Net premiums written for the six-month period were down by two-tenths of 1%. So, you can see the impact on our volumes of the economic conditions and the soft market conditions. Just a couple of brief things on investment income, I think I've talked enough about the yield aspects.

In terms of the net investment gains that we reported, again those were $330 million in our net earnings statement. Almost 300 million of that was on bonds of the 330 noteworthy. Number two point of note, Prem mentioned the OTTI charges, so that was – so that 330 was after we recorded $118 million of OTTI charges during the quarter.

Most of those charges related to equity holdings. Another point of note is that I talked briefly about -- I mentioned the change in unrealized gains on our available for sale securities. So n a pretax basis, we had in excess of $1 billion or $708 million after-tax and after minority interest increase in unrealized gains on available for sale securities.

Again that was principally on equities, but their results saw a significant appreciation on our bond portfolio. And this increase in unrealized gains, you can see it; it comes through other comprehensive income and from there into the balance sheet in accumulated under comprehensive income.

And it was this investment performance both the 313 in gains that went through the earnings statement, plus the free tax more than $1 billion in increase in unrealized gains and to the balance sheet as the after-tax 708. These two combined were the big driver of the almost $61 a share increase in our book value per share in the second quarter. And as Prem said that was about a 24% increase in book value per share since the end of the first quarter.

Turning to our operating income company results, Odyssey Re had a very solid quarter in the second quarter of 2009. Odyssey had underwriting profit of $16.6 million, a combined ratio of 96.5%. Six-month results also very good, underwriting profit $32.9 million, combined ratio of 96.5%.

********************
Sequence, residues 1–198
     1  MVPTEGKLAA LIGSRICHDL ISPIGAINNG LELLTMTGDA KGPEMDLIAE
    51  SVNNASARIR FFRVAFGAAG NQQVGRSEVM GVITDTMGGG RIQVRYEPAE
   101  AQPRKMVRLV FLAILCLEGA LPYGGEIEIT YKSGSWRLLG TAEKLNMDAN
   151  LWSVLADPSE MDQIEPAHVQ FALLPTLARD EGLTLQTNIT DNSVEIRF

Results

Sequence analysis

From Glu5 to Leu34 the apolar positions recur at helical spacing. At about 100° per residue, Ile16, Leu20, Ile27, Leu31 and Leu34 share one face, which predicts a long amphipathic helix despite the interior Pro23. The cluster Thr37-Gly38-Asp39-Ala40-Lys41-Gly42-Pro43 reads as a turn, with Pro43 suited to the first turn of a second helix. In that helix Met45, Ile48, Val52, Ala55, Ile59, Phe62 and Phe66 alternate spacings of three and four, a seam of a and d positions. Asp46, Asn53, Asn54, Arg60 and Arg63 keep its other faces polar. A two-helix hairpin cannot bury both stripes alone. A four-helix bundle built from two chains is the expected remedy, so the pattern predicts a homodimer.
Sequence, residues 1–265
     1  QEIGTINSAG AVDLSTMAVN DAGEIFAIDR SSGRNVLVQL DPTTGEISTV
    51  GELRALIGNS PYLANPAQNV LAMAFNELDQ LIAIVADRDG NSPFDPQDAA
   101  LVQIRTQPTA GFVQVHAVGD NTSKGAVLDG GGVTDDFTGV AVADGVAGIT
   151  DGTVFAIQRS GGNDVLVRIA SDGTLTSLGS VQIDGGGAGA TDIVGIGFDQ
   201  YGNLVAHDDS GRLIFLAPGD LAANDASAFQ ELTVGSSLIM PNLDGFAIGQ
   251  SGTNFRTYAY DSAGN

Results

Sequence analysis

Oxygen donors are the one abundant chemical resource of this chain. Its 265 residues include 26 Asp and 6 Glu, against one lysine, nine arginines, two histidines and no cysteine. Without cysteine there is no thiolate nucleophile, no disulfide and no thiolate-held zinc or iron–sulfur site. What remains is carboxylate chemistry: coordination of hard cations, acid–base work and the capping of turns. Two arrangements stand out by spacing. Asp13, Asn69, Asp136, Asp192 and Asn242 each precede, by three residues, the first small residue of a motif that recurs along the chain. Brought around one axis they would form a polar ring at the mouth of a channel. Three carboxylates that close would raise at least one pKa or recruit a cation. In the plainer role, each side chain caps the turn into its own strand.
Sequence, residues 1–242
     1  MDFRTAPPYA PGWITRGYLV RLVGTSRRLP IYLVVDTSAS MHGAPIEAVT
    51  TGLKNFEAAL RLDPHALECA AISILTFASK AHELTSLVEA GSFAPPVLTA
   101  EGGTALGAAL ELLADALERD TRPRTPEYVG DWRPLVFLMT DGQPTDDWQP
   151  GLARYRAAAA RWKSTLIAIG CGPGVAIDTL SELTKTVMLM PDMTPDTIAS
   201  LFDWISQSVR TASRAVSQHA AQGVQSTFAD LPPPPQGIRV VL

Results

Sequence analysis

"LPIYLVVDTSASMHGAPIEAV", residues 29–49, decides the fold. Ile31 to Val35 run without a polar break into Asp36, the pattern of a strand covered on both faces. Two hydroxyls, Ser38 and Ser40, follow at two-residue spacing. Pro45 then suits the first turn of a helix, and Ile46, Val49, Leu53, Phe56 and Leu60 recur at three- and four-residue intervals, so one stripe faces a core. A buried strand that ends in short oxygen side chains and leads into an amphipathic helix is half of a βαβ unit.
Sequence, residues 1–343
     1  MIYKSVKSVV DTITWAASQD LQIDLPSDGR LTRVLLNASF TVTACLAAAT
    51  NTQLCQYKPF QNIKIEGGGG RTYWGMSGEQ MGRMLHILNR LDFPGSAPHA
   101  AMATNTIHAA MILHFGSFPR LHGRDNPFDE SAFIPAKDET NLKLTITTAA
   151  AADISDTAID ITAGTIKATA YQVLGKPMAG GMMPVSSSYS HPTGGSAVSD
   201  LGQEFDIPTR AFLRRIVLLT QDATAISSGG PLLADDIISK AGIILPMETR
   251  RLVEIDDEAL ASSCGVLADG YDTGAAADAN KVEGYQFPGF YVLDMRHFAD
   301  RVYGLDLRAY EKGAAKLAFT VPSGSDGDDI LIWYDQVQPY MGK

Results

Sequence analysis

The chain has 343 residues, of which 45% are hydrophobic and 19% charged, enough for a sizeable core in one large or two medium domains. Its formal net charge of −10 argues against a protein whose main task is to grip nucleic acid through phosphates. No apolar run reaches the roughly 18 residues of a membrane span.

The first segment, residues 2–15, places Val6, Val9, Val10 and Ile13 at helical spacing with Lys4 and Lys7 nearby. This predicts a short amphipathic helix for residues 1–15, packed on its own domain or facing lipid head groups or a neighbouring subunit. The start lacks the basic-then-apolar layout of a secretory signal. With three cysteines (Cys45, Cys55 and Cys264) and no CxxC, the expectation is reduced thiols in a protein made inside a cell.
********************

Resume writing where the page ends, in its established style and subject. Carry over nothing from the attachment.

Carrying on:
Second-quarter US GAAP earnings for Odyssey, a $123 million reflecting the very positive underwriting results and also like Fairfax overall, the strong investment performance. Similar to Fairfax numbers wise Odyssey had EPS on a US GAAP basis in the second quarter of $2.03, but Odyssey’s book value per share increased by $8.10, thanks to the investment performance.

This increased Odyssey book value per share to $51.90 at June 30, 2009, which is an increase of 18.5% in the second quarter alone. Odyssey is not immune to the challenging marketing conditions around the world and notwithstanding its very fine underwriting results.

Odyssey reached gross premiums written declined by 10% in the second quarter and you will see that gross premiums written declined in the Euro Asia, the London market and the US insurance divisions, but rose in the Americas division. One last note in terms of capital in the second quarter, Odyssey repurchased about $1.2 million of its own common shares for cancellation.

This brings Fairfax ownership to about 72% at the end of the second quarter. After that, Odyssey's shareholders equity is still in excess of $3.1 billion and that compares to $938 million in net premiums written in six months. So, you can see the underwriting leverage there.